The Security Council agreed in 2017 to establish the UN probe to ensure the Islamic State group faces justice for war crimes in Iraq and Syria -- a cause championed by Nobel Peace Prize winner Nadia Murad and international human rights lawyer Amal Clooney.
In the report sent to the council, the head of the team, British lawyer Karim Asad Ahmad Khan, said efforts were focused on three initial investigations: the 2014 massacre of Yazidis, crimes committed in Mosul from 2014 to 2016, and the mass killing of Iraqi military recruits in the Tikrit area in June 2014.
The team began work in October, with the first mass grave containing IS victims unearthed in March and April in the Murad's home village of Kojo in Sinjar in northwest Iraq.
Ahmad Khan said "progress had been slower than hoped" in the investigation and stressed the need to establish "clear and effective channels" to use the evidence in Iraqi proceedings.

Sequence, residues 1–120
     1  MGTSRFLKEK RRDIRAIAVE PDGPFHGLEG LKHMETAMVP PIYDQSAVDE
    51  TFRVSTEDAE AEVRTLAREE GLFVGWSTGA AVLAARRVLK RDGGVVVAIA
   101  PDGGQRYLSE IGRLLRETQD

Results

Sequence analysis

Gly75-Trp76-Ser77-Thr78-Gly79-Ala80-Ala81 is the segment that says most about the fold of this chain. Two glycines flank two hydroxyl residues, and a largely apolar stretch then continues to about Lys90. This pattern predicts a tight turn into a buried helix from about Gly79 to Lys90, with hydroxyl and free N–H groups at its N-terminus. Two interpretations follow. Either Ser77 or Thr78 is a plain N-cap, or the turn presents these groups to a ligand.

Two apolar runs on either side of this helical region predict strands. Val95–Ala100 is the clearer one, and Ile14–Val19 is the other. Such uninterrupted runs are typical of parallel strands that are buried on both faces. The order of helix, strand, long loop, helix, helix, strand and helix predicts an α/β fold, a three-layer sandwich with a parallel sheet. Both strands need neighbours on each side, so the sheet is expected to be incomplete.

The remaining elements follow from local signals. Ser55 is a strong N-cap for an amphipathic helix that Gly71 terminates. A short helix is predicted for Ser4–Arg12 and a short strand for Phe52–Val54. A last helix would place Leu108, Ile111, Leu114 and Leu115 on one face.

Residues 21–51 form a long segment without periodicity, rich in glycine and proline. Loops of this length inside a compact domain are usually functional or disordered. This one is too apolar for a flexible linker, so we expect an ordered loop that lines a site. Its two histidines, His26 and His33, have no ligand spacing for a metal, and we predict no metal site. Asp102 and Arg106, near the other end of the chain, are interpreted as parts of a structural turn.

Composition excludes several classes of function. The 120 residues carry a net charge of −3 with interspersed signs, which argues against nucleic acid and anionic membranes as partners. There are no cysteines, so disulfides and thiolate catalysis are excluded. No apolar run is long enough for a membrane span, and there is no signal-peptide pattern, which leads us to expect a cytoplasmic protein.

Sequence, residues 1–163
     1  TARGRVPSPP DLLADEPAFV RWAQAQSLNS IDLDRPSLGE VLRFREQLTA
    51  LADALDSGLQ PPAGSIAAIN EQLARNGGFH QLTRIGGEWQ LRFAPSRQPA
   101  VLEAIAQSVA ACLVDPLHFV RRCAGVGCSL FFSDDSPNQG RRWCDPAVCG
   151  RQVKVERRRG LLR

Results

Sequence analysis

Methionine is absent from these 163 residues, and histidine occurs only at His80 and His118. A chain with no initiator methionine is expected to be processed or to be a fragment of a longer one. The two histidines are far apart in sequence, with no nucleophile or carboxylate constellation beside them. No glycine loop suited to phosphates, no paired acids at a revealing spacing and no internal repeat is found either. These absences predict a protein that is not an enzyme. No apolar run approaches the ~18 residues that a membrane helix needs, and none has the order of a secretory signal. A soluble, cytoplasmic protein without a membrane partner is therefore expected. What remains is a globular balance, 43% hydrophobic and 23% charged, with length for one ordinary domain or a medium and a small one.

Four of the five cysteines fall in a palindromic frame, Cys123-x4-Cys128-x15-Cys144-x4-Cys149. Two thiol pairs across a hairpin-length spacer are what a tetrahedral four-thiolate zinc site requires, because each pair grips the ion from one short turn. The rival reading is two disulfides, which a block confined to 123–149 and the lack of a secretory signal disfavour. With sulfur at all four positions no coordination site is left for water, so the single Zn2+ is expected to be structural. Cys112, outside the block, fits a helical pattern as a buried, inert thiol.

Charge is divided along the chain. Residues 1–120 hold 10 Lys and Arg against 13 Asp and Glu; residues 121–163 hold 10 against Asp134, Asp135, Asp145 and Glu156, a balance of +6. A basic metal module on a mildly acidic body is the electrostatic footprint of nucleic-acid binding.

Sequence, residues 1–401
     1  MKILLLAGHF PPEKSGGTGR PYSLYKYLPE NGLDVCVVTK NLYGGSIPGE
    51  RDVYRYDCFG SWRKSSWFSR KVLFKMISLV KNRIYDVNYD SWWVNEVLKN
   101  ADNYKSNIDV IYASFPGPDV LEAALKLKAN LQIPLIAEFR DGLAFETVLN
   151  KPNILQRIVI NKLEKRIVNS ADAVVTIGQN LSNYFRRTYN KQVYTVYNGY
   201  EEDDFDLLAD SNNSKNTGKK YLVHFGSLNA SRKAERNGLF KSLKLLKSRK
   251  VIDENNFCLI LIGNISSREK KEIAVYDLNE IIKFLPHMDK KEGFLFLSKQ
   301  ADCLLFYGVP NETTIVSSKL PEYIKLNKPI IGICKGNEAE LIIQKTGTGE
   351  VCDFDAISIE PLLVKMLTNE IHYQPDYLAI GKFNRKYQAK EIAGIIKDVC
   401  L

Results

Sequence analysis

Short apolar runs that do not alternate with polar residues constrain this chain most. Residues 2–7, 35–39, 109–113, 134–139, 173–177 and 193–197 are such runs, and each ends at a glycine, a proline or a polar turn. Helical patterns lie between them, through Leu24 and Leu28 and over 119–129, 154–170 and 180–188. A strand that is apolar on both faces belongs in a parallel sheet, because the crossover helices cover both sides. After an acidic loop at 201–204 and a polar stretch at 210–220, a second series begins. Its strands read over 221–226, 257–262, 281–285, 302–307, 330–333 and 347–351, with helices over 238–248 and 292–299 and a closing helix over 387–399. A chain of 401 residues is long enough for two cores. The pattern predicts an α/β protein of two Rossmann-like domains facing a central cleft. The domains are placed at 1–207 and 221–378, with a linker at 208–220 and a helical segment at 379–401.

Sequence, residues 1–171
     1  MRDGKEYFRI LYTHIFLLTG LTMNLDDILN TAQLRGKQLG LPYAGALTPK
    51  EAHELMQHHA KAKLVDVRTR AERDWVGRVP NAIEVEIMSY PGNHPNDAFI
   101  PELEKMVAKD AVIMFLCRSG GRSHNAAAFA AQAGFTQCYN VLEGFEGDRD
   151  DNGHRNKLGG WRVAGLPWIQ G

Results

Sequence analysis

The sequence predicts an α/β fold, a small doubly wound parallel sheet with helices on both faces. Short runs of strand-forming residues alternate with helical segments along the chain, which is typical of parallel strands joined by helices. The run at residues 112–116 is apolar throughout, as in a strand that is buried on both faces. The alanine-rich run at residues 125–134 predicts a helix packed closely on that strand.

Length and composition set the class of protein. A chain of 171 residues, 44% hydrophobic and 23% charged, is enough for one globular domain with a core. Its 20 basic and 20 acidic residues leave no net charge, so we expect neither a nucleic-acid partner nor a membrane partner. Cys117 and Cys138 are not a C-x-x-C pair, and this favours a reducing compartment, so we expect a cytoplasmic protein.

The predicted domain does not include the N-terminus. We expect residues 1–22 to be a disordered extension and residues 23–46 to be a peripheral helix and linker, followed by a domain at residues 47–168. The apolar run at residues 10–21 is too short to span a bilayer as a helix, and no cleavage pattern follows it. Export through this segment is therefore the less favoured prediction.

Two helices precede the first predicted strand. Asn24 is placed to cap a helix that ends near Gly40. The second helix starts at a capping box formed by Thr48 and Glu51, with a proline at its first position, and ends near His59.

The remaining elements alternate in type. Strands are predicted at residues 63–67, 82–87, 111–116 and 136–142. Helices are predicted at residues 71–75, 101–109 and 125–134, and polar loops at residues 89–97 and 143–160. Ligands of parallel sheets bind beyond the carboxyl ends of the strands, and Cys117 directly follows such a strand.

The Iraqi government had resisted calls for the UN probe despite evidence of more than 200 mass graves in Iraq containing victims of IS, who swept across northern Iraq in 2014.
Murad is among thousands of Yazidi women who were taken hostage and held as sex slaves, while hundreds of men and women are believed to have been executed by the jihadists.
The United Nations has described the massacre of the Yazidis by IS militants as possible genocide.
As well as excavations of mass graves, the 48-member team has "engaged first-hand with survivors and witnesses" and has put in place a witness protection program, said the report sent to the council on Friday.
"In Mosul, Tikrit, Dohuk, and elsewhere in Iraq, victims have told harrowing accounts of their suffering, of entire communities erased and of women and girls taken as slaves," it said.
The team is negotiating agreements with Iraqi authorities to hand over evidence and is ready to provide material to other courts to hold IS members accountable for their crimes, it said.